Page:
The Fiscal Responsibility and Budget Management (FRBM) Bill, 2000, took three years to get passed by Parliament and become the FRBM Act, 2003. In the process, some claim that its teeth were removed. The explicit annual targets, as a proportion of GDP, for reduction of fiscal (0.3 per cent) and revenue deficits (0.5 per cent) were eliminated from the legislation. The Act simply stated that the Centre will take appropriate measures to eliminate revenue deficit by March 31, 2008. Annual numerical targets were left to the government to formulate in the FRBM Rules under the delegated authority of the FRBM Act.
Without an autonomous Fiscal Management Review Committee and beyond the jurisdiction of civil courts, the FRBM Act, many claim, became like the Constitution's Directive Principles of State Policy.
The NDA government that got the FRBM Act passed did not last to promulgate the Rules. Under the first UPA government, the FRBM Rules came into force from July 5, 2004. While notifying the Rules on July 2, 2004, an amendment to the Act was passed for a one-year postponement of the target year for eliminating the revenue deficit to 2008-09. Before the ink on the FRBM Act was dry, the Finance Minister, in his Budget Speech for 2005-06, pressed the pause button vis-à-vis the FRBM Act because of the drastically changed pattern of devolution and funding recommended by the 12th Finance Commission. In March 2005, former Chief Economic Advisor Shankar Acharya published an article in this newspaper entitled "Farewell fiscal responsibility?"
What followed indeed looks like a farewell to fiscal responsibility. The FRBM path of fiscal correction was halted from 2008-09 because of unanticipated changes in the prices of fuel and fertiliser. Outlays on major subsidies shot up from Rs 67,498 crore in 2007-08 to Rs 1,23,581 crore in 2008-09. Off-budget bonds issued to the petroleum and fertiliser companies amounted to a further Rs 95,942 crore or 1.8 per cent of GDP in 2008-09. On August 28, 2008, the central government asked the 13th Finance Commission to lay down a revised road map for fiscal consolidation.
With elections for the 15th Lok Sabha scheduled for April-May, 2009, an Interim Budget for 2009-10 followed on February 16, 2009. A new Finance Minister, in office for only three weeks, called the economic circumstances extraordinary and announced extraordinary measures. The FRBM targets were relaxed to boost demand and counter the impact of the global financial meltdown.
Post-election, the Budget for 2009-10 presented on July 6, 2009, included a fiscal stimulus package. Between 2008-09 and 2009-10, as a proportion of GDP, the fiscal deficit shot up from 6.0 per cent to 6.5 per cent, with an even bigger increase in revenue deficit from 4.5 per cent to 5.2 per cent. Of course, the medium-term commitment to fiscal consolidation and a return to the FRBM targets at the earliest were reiterated.
In the context of FRBM, the 13th Finance Commission, in its report submitted on December 29, 2009, argued against disturbing the existing classification of revenue and capital expenditure in an ad hoc manner. Yet, in what was described as the "Godzilla of all fudges played out in this country in the guise of fiscal consolidation", Budget 2011-12 quietly introduced the concept of "effective revenue deficit." It is the revenue deficit adjusted for grants to states for asset creation. The Budget of 2012-13 went farther. Through the Finance Act, known for its missile-like efficiency for getting passed without elaborate discussion or amendments, it changed the FRBM Act itself. The Centre's commitment to eliminate its revenue deficit was dumped for the elimination of the tenuous concept of "effective revenue deficit". The amended FRBM Rules of May 7, 2013, stretched the time for its elimination by six years to March 31, 2015, and for bringing the fiscal deficit down to three per cent of GDP by eight years to March 31, 2017.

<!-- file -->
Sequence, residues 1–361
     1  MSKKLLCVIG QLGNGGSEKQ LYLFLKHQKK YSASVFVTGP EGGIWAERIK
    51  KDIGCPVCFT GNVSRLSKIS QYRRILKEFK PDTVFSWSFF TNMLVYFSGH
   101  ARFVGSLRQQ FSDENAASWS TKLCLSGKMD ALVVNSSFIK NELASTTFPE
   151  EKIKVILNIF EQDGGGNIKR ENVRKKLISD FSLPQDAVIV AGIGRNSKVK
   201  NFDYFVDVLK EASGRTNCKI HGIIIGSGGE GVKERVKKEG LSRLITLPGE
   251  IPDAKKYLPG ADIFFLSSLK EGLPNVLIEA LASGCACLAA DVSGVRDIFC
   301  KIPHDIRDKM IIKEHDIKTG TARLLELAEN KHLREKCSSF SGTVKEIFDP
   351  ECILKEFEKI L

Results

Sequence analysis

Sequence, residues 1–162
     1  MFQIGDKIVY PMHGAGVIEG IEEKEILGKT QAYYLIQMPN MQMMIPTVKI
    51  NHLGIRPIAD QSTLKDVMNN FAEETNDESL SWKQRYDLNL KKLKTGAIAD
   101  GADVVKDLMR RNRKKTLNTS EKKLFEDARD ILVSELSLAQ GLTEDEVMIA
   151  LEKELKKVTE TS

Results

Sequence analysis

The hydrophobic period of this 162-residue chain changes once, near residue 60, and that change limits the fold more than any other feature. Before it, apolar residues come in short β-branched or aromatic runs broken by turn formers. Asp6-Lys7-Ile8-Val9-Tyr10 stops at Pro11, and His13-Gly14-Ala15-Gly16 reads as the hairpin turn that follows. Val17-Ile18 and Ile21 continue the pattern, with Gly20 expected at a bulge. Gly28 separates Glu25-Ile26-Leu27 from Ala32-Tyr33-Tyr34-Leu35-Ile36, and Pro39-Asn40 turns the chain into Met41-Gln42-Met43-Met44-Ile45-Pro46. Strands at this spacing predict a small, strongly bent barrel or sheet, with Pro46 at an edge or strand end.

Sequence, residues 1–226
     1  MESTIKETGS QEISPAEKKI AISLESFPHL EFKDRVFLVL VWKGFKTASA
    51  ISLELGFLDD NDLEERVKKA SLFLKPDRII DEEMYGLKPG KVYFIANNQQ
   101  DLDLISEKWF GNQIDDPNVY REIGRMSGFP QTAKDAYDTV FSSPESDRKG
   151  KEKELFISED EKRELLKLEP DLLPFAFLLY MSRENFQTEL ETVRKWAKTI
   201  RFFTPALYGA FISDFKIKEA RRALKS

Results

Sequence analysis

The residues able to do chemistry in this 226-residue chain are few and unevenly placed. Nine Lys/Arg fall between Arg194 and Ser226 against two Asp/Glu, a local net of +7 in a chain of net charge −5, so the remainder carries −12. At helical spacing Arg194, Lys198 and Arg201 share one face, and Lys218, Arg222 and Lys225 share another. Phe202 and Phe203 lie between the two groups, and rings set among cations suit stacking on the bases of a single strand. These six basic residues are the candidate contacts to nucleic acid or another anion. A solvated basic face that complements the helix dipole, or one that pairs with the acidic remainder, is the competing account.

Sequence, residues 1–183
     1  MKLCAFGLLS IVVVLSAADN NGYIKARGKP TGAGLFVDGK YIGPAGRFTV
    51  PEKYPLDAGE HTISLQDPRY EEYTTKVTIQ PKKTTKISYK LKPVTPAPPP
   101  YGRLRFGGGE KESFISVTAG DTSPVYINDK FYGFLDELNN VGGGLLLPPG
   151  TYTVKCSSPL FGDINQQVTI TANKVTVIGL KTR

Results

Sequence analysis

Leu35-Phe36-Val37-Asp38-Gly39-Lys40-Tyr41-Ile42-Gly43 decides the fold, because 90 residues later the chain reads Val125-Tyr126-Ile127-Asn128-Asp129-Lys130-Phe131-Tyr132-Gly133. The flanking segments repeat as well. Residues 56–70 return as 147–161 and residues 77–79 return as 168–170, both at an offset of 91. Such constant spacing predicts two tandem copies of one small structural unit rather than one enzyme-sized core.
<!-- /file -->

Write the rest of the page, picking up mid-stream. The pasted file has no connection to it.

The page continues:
In 2014-15, as a proportion of GDP, the revised estimate of revenue deficit of the central government was far above zero at 2.9 per cent, and fiscal deficit 1.1 percentage points above the three per cent mark to be achieved by March 2017. So, has the FRBM Act been an exercise in futility?
Undoubtedly, even the toothless FRBM Act has been beneficial. Fiscal consolidation is like quitting smoking. Not easy. Politicians and policy makers want fiscal consolidation; but only in the medium term, not the current year. Most smokers recognise smoking as injurious to health, and want to quit, but, not now and here. There are short-term costs. Taxes are painful, and cutting expenditure hurts some constituency. Quitting smoking leads to withdrawal symptoms, frayed tempers and mood swings. Finally, not consolidating this year, like continuing smoking for another day, does not have immediate disastrous consequences.
In the move from discretion to rules in the fiscal arena, like in quitting smoking, there are many failed attempts before success. The US experience with debt ceilings from the First World War days and Gramm Rudman Hollings Act (1985), and EU experience with the Stability and Growth Pact since 1997 are cases in point.
Legislature consisting of the elected representatives of the people will, and should, have the power to formulate laws and change them at their discretion. The durability and success of fiscal rules ultimately depend on popular support for such rules. Pursuit of a virtuous rule, even when diluted, leads to mobilisation of popular support. In the 1950s and 1960s, there were only lonely voices of economists such as B R Shenoy against fiscal profligacy. With the FRBM Act, there is now a larger constituency against fiscal excesses.
The writer is an economist. The next part will appear tomorrow